5 Compliance Requirements to Test Weekly for Emergency Safety Showers and Eyewash Stations

How often should safety showers be checked? How do you test an emergency shower or eyewash station?

These are important questions to ask, because emergency drench showers and eyewashes are crucial for minimizing the effects of exposure to hazardous materials in the workplace. Every second counts in the event of exposure, and a non-compliant safety shower or eyewash could be the difference between life or death for an injured worker. Also, companies are liable to be hit with hefty OSHA fines if they don’t maintain compliance.

OSHA requires that emergency showers and eyewashes be available when workers are working with corrosive materials, as stated on their website: “where the eyes or body of any person may be exposed to injurious corrosive materials, suitable facilities for quick drenching or flushing of the eyes and body shall be provided within the work area for immediate emergency use.” While OSHA doesn’t set specific standards for emergency showers and eyewashes, they point to ANSI to define what “suitable facilities” means.

The American National Standards Institute (ANSI) sets requirements for these emergency devices, mandating their accessibility within 10 seconds of an incident. Yet, many safety showers and eyewashes are currently out of compliance with ANSI regulations, creating greater risk for worker injuries and leaving employers open to penalties and fines from OSHA. According to a study done by a large emergency equipment manufacturer, approximately 88% of emergency showers and eyewash stations are not in full compliance with standards detailed in ANSI/ISEA Z358.1–2014.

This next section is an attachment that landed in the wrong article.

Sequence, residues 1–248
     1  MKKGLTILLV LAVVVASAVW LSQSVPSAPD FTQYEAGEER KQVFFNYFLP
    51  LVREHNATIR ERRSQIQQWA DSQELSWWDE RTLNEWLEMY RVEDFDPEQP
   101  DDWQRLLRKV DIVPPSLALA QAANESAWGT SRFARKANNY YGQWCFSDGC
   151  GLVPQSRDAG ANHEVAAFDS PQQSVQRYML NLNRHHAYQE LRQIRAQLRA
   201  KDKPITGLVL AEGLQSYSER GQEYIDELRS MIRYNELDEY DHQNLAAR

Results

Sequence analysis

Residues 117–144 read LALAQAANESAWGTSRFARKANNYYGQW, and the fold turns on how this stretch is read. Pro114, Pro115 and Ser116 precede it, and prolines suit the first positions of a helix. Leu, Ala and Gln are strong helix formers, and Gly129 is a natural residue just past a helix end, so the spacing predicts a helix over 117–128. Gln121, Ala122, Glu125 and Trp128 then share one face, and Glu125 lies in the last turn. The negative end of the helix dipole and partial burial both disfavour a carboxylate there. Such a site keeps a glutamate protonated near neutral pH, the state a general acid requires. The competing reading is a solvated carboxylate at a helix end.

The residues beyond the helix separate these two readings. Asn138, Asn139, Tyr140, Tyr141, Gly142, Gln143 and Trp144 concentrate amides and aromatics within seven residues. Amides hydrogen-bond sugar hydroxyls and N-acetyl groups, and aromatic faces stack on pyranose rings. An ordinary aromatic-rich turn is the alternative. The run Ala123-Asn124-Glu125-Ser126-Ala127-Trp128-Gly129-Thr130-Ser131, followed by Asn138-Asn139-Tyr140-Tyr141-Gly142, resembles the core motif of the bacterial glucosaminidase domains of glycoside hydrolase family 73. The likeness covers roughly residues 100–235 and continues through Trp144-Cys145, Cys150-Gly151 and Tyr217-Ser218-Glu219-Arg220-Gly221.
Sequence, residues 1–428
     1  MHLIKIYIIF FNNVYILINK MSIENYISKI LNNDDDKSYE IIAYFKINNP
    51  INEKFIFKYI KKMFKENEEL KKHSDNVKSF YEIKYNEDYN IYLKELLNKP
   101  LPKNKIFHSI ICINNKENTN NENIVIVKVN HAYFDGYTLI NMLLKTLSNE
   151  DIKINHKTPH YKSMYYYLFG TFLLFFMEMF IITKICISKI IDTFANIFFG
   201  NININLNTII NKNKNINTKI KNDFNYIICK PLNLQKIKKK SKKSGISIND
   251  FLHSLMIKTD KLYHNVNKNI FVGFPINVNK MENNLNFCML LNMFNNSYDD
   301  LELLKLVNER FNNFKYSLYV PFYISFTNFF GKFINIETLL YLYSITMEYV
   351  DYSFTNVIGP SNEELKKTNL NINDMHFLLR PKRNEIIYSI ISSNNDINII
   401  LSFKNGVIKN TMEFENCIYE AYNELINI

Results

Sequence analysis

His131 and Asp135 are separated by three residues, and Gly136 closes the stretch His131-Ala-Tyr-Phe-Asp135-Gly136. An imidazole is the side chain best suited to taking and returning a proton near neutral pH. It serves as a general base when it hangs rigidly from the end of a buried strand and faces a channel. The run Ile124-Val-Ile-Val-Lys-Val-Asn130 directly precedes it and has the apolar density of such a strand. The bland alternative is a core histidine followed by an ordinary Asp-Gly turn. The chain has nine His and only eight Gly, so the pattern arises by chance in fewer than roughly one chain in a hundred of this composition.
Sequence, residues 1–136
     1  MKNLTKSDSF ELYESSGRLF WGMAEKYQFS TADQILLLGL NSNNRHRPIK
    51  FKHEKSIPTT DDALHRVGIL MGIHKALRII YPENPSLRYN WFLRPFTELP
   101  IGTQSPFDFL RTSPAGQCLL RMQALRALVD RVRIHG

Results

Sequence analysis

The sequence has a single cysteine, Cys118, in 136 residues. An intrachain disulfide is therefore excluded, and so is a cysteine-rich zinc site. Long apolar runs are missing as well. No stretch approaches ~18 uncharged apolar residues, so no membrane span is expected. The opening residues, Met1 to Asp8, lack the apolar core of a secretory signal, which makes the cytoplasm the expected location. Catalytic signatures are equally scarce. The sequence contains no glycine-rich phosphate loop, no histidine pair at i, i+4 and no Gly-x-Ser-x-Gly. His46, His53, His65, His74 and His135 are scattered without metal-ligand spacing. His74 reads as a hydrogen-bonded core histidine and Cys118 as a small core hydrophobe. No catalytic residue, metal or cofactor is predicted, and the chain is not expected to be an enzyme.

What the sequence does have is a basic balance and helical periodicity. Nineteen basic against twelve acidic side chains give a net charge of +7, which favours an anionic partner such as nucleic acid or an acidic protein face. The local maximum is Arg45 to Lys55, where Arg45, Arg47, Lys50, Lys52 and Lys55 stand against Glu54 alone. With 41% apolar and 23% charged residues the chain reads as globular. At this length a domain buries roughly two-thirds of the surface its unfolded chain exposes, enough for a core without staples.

How often to test emergency safety showers and eyewash stations

ANSI/ISEA Z358 mandates that activations and testing be done on a weekly basis to visually check that emergency showers and eyewashes are operating correctly, as well as to flush the plumbing so that water does not stagnate.

One of the biggest reasons that so many showers and eyewashes are out of compliance is because weekly activations and testing are not being conducted. We commonly hear of employers struggling to meet these requirements, since testing emergency showers and eyewashes can be a painstakingly slow and messy process. That’s why we created the easiest-to-use testing equipment on the market.

When conducting weekly activations, there are five important compliance requirements that are important to check if your safety showers and eyewash stations meet.

Compliance requirements to inspect during weekly testing

Mechanical Performance

Emergency safety showers and eyewash stations rely on various mechanical components to deliver water promptly and effectively during emergency situations. Valves, levers, and activation mechanisms must be fully operational and free of obstructions. Any malfunction in these parts can cause delays in water flow, compromising decontamination efforts and potentially exacerbating injuries.

During weekly testing, it is essential to conduct a thorough inspection of all mechanical components, ensuring their functionality and addressing any issues promptly.

Water Clarity

The clarity of the water flowing from emergency safety showers and eyewash stations is paramount to ensure proper decontamination. Contaminated water can worsen injuries and introduce additional hazards to the affected individual. During weekly testing, activate the unit and observe the stream for any discoloration, cloudiness, or foreign particles.